Next, I made a list of everything to be paid monthly. Then I looked at my previous year’s calendar, and made a list of everything paid bi-monthly, bi-annual, and annual. This included birthdays, holidays, insurance premiums, etc. I divided this amount by 12 months for the amount needed to save each month to cover these things. It seemed impossible to save this much each month into the second savings account. I added a few dollars extra hoping to begin to build a cushion. I had this monthly amount posted into my second credit union savings account, or as much as I could in the beginning.

    The first time I drew out the budgeted Christmas amount was wonderful knowing I wouldn’t have Christmas debt to pay in Jan, Feb, Mar, etc.! And the first time I paid an insurance premium in full was wonderful knowing I didn’t have to worry about it for another year!

    Now I had a monthly budget that I could work with and the ability to handle most of the rest of my financial obligations. There were still some dings here and there, but I could work them out more easily.

    It took about six months to get to the point where I could function with saving the monthly amount I needed on this type of budget. I still had to rob Peter to pay Paul at times, but month by month I got closer and closer until this plan worked as I expected it to.

    Now for my debts – I think they call it snowballing now. Start with the smallest debt a feeling of accomplishment. I paid the minimum on the rest, and when I could, I paid more on the smallest until it was paid. Next, I put that money on top of the minimum of the next debt and so on to the next debt. Seeing that debt list grow smaller gave me incentive to continue. When the debt was finally gone, I used that debt money for some long-term savings.

    There were times I ate only carrots to save on food, but it worked, and I was able to pay off my debts and save money, too. I cannot say the depth of gratitude I felt when I reached this goal. The most interesting thing for me is that it didn’t take as long as I thought it would.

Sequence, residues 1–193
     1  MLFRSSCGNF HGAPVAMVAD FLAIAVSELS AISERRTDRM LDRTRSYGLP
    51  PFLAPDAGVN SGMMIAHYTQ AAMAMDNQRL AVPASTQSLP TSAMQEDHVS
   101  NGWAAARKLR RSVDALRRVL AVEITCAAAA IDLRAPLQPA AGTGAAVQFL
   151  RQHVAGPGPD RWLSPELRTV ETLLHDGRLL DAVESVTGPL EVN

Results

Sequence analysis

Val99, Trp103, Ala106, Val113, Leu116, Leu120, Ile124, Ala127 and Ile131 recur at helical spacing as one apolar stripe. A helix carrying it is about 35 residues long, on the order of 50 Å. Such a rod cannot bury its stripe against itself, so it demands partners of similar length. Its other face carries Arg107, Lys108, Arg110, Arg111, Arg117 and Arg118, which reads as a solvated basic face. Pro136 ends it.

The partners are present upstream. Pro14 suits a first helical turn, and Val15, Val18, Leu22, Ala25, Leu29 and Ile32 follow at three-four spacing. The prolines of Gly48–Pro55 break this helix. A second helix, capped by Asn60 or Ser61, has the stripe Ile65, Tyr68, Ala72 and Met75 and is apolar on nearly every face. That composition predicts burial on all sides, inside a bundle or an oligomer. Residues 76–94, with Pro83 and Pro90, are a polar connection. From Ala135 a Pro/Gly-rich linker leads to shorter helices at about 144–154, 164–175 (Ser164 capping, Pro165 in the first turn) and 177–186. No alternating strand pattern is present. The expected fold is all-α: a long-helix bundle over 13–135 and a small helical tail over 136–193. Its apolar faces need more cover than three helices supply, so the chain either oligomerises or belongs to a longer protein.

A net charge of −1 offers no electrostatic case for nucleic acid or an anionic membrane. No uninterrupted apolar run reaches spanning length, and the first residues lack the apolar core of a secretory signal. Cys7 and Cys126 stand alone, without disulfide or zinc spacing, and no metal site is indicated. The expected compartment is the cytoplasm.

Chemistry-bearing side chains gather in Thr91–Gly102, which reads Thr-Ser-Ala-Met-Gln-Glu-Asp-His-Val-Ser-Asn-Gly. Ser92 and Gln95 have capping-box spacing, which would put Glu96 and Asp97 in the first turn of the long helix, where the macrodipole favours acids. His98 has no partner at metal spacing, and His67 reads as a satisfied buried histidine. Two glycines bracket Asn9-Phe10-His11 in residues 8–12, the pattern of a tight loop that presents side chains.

• Hope says:

      This was the best advice I’ve seen by far. I’m going to use most of these ideas. I’m excited to get started. I have started one project listed and ready for the next. Thank you so much for such much to work with!

    • Jesenia Montanez says:

      Thanks for sharing and thanks for being open about your journey. I agree, listing and facing your debts is one of the hardest things a person can do, but ignoring them won’t help. I also like the snowball method and it’s what I’ve done myself. Something about having the debt gone (even if it’s small) is super motivating for me. Thanks again for sharing your encouraging story! 🙂

  4. Tammi says:

    We started doing automatic withdrawals to our savings account and our kids’ college funds. It’s really nice to know that even while it may only be a little bit each month that at least we’re doing something and because it comes out automatically, we’re not tempted to spend it on something else.

  5. Felicia says:

    I have used the multiple account strategy for years. It really works. I have one account for long term savings- emergency, one for short term savings – Christmas, birthdays, and then my regular daily account. They are all three at separate banks so I can’t easily transfer money. The short term savings has a debit card that I leave at home in a drawer and only use when needed. The long term savings account has no debit card and no checks. If I need this money, I have to go into the bank to get it. This method really works, and as I have shared it with friends it has really worked for them, too.

    • Jesenia Montanez says:

      That’s great Felicia! I don’t think people realize how easy it is and what a difference it could make. Thanks for sharing! 🙂

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  11. One of the most important things is to try to make what you do spend count for more. Be thoughtful about your purchases, and try to make your spending an investment rather than something you consume and it’s gone. Hello from Thrifty Thursdays.

    • Jesenia Montanez says:

      That’s a great way to look at it Melissa. Thanks for the tips!

  12. Emyle Prata says:

    I love how you put the savings in perspective. If we treated our major utility bills like we did our savings, there’d be a lot of people without lights these days! If it’s non-negotiable, you’re more apt to keep in the habit of a solid deposit. Brilliant!

    • Jesenia Montanez says:

      Hi Emyle! I find that if I make it optional I simply won’t follow through with it when things get tight so this helps prevent that. Thanks for stopping by! 🙂

  13. Great tips Jesenia! I love the tip of making an automatic small deposit each week. That doesn’t hurt too much but by the end of the year it amounts to a lot! I’ll be pinning this to my money saving ideas board!

    • Jesenia Montanez says:

      Thank you Carrie! It sure does add up and it also helps motivate me to increase what I’m already saving.